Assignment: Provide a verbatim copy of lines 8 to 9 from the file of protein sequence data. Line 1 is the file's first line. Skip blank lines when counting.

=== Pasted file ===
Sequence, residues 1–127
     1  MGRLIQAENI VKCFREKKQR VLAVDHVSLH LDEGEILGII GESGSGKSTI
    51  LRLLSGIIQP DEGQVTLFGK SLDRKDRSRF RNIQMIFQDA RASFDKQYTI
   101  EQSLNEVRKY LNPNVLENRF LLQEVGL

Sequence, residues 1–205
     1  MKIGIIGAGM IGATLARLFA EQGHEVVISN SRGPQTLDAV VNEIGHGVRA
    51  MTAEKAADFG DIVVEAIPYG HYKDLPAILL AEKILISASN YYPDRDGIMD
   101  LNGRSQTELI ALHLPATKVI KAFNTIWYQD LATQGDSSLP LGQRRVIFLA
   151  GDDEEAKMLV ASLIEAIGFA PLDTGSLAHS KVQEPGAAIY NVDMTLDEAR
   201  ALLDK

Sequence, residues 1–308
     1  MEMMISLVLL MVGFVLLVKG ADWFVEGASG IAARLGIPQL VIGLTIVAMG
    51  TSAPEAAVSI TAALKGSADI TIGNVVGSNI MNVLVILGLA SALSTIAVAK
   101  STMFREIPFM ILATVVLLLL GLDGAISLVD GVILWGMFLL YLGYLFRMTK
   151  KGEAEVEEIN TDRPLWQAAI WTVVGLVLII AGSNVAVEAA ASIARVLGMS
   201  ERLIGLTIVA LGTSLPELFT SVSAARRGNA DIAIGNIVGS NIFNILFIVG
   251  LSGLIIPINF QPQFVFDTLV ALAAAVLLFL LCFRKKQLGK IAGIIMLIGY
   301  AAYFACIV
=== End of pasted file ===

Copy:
   101  LNGRSQTELI ALHLPATKVI KAFNTIWYQD LATQGDSSLP LGQRRVIFLA
   151  GDDEEAKMLV ASLIEAIGFA PLDTGSLAHS KVQEPGAAIY NVDMTLDEAR